When it comes to new hire orientation, most companies focus on clarity. “This is how we roll, welcome to the team,” with an emphasis on values, vision, and “how we do things around here” policies. And if they’re really on it, maybe they’ll even throw in a little compliance training, a turkey avocado wrap, and a company tee-shirt. Which is all good, but not sufficient.
If you’ve read our Courageous Cultures whitepaper, you know the importance of the clarity-curiosity dance when it comes to encouraging micro-innovation and best practice sharing. So what better time to tap into best practices then while they’re still fresh? What if you used your new hire orientation not just to be clear about where you’re headed, but also curious about where they’ve been and what they’ve learned?
You Lost Me at Hello
Karin recently had lunch with “Will,” one of her favorite direct reports from her time at Verizon, to talk about how his new job was going at a different company.
Will was visibly frustrated as he described the situation, “Well, basically my week of new hire orientation ended with my boss saying, ‘I didn’t hire you for your ideas. I hired you to implement mine.’ ”
Seeing the look of surprise on Karin’s face, Will continued, “But I’ve been thinking about it. I probably came on a bit too strong. I had so many ideas right out of the gate, I think I overwhelmed him and maybe even hurt his feelings. He thought I was being critical rather than trying to help. From now on, I’m keeping my mouth shut and working on my exit strategy.”
Which is tragic. Because Will’s not just an idea guy, he’s a loyal operations manager who will do anything to make your vision happen—including finding creative ways to accelerate results.
Surely they hired him for his track record of success, and yet somehow, they lost him at hello.
How to Tap Into Best Practices In Your New Hire Orientation
67% of our research participants said management operates according to the notion, “This is the way we’ve always done it.” If you want to buck that trend, dispel that myth from day one.
Start by making it perfectly clear that speaking up is what “people like us” do.
1. Be clear that best practice sharing and speaking up is an integral part of your culture.
“Around here, speaking up is the norm. We expect you to be on the constant lookout for how to make things better for our customers, easier, or more effective. The most successful employees are micro-innovators and problem solvers. This is what that looks like around here________.”
2. Share examples and tell some great stories.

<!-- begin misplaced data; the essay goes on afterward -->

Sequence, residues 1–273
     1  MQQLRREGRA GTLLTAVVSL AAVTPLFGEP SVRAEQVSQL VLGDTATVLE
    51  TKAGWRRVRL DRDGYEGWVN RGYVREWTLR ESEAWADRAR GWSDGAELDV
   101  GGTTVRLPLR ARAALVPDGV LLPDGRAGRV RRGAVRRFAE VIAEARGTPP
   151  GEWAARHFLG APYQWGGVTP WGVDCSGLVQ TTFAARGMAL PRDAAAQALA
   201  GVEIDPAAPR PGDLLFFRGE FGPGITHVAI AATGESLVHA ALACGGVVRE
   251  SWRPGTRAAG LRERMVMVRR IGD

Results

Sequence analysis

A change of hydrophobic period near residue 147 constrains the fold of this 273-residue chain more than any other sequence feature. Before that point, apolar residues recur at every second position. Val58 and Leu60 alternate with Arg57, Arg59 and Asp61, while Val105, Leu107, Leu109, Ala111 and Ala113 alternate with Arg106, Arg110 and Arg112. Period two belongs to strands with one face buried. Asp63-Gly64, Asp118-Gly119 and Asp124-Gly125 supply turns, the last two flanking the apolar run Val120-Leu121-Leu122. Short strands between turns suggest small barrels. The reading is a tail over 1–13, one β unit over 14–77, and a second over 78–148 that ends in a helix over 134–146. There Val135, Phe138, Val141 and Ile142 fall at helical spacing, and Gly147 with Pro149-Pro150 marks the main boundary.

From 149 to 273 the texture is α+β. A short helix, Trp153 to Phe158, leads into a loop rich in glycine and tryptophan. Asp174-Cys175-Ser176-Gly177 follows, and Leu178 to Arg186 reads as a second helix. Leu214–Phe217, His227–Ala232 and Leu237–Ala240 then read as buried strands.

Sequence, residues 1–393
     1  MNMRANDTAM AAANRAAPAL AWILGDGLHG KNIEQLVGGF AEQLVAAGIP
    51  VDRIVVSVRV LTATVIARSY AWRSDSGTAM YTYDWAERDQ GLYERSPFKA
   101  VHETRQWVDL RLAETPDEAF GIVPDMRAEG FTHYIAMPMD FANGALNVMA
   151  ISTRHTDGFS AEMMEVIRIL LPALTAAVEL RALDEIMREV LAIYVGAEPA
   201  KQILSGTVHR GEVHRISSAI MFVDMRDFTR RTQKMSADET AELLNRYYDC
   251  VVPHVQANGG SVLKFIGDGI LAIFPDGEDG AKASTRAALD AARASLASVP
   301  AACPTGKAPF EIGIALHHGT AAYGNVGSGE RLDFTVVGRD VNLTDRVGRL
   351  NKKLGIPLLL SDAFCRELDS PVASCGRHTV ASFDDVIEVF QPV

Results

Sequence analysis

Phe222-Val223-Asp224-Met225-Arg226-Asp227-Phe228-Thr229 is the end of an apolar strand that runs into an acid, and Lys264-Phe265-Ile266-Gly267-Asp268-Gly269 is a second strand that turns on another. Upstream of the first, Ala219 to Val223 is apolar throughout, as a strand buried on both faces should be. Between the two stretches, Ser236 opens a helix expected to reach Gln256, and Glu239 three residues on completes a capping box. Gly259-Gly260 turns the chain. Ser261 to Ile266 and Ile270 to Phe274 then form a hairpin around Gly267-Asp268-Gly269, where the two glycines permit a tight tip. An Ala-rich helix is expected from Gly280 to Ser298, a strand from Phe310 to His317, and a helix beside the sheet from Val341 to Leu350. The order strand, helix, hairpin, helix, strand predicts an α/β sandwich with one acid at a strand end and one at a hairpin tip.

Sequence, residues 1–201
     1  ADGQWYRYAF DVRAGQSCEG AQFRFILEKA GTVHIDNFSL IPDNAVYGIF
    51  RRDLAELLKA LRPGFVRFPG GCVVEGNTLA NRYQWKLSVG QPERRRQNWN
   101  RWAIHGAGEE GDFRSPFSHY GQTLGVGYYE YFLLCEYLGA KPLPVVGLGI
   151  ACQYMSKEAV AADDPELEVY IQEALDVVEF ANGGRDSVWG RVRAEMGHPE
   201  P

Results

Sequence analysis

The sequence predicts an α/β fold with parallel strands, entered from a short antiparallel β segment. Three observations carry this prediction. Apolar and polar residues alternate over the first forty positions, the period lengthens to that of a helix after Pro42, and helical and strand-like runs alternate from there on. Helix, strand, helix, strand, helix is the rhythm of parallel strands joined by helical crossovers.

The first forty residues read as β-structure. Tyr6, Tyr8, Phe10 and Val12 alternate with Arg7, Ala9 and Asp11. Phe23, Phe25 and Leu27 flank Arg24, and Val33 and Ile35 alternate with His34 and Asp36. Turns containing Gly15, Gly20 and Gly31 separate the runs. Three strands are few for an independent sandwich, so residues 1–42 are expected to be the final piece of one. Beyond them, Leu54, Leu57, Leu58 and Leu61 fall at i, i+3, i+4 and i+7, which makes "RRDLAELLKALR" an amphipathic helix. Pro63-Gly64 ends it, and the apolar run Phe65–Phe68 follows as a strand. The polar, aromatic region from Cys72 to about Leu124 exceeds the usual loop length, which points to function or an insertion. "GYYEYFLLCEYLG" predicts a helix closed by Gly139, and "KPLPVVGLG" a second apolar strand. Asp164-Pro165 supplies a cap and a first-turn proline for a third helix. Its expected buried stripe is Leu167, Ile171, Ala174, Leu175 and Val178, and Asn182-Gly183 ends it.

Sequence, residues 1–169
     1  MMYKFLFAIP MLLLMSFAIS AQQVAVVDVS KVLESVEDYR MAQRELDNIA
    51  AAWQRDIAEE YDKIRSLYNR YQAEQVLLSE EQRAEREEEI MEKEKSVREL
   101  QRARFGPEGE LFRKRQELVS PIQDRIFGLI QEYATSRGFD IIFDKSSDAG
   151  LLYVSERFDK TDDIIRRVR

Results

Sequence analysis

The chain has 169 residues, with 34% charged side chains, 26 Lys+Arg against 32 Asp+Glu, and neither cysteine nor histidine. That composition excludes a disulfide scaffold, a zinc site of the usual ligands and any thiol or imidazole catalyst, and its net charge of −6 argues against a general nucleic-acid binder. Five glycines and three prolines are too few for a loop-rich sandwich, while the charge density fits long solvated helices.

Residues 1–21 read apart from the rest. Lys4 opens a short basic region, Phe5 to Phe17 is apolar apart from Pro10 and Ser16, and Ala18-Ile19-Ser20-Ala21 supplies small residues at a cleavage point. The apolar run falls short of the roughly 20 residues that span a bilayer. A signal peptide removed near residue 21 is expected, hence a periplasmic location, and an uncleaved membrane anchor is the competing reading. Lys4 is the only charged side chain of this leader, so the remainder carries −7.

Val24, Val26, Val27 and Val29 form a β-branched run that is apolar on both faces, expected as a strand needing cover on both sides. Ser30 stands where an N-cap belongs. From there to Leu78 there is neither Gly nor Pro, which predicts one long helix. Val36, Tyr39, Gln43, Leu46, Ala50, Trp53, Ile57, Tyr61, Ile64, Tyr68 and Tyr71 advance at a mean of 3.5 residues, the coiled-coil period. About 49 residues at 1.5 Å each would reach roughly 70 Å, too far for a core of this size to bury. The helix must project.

Showcase some specific examples of employees at all levels who came up with great ideas that changed the game. If you want a two-for-one, as you’re building your courageous culture, you can use your new hire orientation as a time to have them share their own stories of micro-innovation and the results that followed.
3. Train your new hires on some fundamental critical thinking and problem-solving skills appropriate for their role.
And then, get curious.
4. Carve out dedicated time to ask about what they liked most about their last company and why. If your new hires have worked in the industry before, even better— dig deep to learn how other companies are approaching your biggest challenges.
5. Assign homework
Your new hires may not have enough context to know which best practices are needed right out of the gate. They might assume you will already be doing what they consider business as usual and be surprised to hear you’re not. Give them homework to identify at least three new ideas or best practices they would recommend during their first month on the job.
You can help structure this homework with a few conversation starters:
- How did they approach (insert your biggest challenge here) at your previous company?
- What does XYZ company do better than we do?
- What tools or processes do you miss from your old company?
- If you could teach everyone here one best practice from your previous job what would that be?
Then make a calendar appointment to follow-up with them to discuss their ideas one month later.
This final step is so important because you are both reinforcing the expectation for innovation and immediately tapping into their outsiders perspective.
We’d love to hear from you. Leave a comment: What would you add? How do you tap into best practices during new hire orientation?